The Beginner's Latin Exercises. Demonstrative Pronouns.

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[This Exercise may be deferred until those in the Active Voice are done.]


  • Section A shows what has to be learnt and written in preparation for the next exercises (and future lessons).
  • Section B contains viva voce Exercises.
  • Sections C and D contain the sentences to be translated, either orally or in writing.

Obs. — Hic is this near me; Iste is that near you, or that of yours; Ille is that yonder. Is refers to something previously mentioned. They may all be translated by he, she, it, etc., when used without a noun.

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  1. Learn once more the verbs at the head of all the previous Exercises, the way to decline duo and tres, and the Demonstrative Pronouns.
  2. Decline iste throughout.
  3. Decline together hic nauta; ista filia; illud animal; is gladius; ea hasta; id oppidum.

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Exercise B

1. Put the proper form of hic before the following Nouns

  • gradus; graduum; navis (GEN); flumen.
  • gradui; gradibus; navi; flumina.
  • gradu; gradus (ACC); navium; flumine.
  • gradum; gradus (GEN); navibus; fluminum.

2. Put the proper form of ille before the same Nouns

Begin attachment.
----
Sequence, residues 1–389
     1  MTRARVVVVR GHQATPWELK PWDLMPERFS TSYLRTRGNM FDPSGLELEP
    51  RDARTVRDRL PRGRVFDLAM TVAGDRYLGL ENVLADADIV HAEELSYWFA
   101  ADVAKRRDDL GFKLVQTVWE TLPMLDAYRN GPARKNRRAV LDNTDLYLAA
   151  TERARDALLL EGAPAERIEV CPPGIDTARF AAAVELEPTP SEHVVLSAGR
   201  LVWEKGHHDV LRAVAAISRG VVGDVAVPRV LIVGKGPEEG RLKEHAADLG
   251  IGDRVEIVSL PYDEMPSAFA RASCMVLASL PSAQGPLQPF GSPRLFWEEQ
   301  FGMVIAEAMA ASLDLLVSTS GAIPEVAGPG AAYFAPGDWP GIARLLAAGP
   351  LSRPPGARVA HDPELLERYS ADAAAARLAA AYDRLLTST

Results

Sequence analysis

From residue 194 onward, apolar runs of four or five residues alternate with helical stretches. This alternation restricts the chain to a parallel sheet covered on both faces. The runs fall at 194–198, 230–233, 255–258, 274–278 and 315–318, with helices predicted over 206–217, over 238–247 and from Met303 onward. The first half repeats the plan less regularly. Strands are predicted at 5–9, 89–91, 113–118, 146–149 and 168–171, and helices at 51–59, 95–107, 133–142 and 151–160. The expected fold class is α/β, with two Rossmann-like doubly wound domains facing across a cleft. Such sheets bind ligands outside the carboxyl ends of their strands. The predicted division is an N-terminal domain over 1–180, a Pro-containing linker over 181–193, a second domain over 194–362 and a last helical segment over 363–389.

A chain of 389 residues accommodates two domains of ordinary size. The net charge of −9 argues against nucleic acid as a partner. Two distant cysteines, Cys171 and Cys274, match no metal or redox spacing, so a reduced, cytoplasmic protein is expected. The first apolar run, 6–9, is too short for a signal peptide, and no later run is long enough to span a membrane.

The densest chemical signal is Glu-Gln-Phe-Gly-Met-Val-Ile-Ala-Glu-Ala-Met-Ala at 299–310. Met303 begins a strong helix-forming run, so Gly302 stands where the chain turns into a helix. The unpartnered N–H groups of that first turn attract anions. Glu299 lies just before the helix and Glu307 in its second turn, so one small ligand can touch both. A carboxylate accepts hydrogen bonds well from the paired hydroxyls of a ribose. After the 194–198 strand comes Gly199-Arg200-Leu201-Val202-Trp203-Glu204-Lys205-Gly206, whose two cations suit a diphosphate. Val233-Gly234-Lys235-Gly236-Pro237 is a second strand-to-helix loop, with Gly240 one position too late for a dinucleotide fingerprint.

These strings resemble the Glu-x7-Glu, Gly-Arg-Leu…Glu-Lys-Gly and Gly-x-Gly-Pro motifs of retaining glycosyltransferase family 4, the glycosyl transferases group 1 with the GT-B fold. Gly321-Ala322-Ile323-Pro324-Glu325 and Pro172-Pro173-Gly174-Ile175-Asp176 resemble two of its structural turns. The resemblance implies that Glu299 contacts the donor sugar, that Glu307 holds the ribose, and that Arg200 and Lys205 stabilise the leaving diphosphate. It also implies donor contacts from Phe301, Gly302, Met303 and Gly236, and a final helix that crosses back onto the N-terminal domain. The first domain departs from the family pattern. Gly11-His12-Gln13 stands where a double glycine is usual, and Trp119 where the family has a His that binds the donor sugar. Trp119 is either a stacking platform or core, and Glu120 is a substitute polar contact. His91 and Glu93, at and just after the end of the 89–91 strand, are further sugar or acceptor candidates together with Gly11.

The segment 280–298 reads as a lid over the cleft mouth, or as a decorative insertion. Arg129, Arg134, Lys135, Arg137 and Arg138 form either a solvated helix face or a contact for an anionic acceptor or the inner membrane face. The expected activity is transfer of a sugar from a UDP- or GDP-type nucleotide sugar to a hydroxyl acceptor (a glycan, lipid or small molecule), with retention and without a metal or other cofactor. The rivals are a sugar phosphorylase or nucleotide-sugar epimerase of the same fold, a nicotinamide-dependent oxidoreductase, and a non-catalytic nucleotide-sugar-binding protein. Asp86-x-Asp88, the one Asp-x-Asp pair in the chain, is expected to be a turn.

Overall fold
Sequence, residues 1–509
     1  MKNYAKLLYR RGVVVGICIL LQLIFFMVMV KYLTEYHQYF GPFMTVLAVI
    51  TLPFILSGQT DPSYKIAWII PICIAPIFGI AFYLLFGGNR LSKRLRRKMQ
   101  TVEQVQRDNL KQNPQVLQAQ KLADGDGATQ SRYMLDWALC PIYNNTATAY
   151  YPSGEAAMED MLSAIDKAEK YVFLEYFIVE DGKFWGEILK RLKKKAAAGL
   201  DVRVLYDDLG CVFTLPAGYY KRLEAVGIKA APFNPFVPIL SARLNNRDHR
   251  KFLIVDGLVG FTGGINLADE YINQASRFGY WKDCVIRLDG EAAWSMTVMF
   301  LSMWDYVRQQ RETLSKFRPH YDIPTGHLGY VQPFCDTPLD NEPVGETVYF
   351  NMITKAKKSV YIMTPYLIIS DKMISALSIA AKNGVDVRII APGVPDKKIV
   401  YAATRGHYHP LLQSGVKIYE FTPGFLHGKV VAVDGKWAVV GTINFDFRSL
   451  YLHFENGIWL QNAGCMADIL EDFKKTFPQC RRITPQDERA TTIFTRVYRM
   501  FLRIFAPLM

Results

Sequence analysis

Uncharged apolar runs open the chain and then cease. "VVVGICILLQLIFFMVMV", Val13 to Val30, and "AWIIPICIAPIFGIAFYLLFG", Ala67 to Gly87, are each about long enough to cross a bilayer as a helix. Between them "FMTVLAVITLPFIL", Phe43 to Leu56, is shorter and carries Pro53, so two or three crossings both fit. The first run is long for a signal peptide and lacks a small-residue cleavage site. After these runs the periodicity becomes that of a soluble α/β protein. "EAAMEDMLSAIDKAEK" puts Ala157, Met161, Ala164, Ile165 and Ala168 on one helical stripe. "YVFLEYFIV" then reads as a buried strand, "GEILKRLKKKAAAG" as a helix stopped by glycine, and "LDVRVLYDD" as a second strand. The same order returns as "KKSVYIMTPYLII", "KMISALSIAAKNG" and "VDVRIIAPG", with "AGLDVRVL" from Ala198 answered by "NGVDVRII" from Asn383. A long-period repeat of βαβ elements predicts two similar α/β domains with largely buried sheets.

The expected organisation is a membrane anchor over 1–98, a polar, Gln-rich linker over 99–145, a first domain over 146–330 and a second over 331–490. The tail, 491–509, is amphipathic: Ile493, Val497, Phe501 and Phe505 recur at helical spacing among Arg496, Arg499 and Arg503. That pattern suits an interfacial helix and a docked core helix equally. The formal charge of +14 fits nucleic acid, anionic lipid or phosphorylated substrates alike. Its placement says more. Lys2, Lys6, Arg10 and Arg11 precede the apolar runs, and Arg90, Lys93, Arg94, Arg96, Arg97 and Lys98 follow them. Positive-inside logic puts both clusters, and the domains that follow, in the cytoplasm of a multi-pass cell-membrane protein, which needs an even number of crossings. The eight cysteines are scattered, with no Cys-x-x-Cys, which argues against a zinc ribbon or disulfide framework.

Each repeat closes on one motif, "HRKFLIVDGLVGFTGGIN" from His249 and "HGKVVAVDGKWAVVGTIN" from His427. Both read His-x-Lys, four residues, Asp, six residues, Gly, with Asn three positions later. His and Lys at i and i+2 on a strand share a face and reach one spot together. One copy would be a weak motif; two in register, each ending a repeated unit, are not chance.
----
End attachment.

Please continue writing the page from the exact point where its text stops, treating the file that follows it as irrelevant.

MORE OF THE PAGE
3. Proceed similarly with is

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Exercise C: read and translate from Latin.

  1. Domimis equum huic servo dat et illi canem.
  2. Discipuli huius magistri meliores sunt quam illis.
  3. Miles hunc hominera defendit et ilium occidit.
  4. Iste canis me terret.
  5. Fabius mihi amicus est; pater meus eum amat.
  6. Amicus meus non est validus; iter ei noxium erit.
  7. Horum puerorum pater est dives, illorum pauper.
  8. Magister diligenter discipulos amat; praemia iis dat.
  9. Isti servi sunt fidelissimi.
  10. Nomen illius ducis clarius erat quam huius regis.
  11. Hoc metallum gravius est quam illud.

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Exercise D: read and translate from English.

  1. This flower is more beautiful than that
  2. This tree is more lofty than that.
  3. That companion (of yours) is a bad boy.
  4. The queen has two daughters; she loves them very much.
  5. The king has two sons; he praises them very highly.
  6. These pears are sweeter than those plums.
  7. The names of those brave men will ever be famous.
  8. The fruit of these trees is sweeter than (the fruit) of those.
  9. Those scholars (of yours) are very diligent.

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C.Sherwill Dawe, The Beginner's Latin Exercises Book, 1880, Rivington, Waterloo Place, London; read the book on

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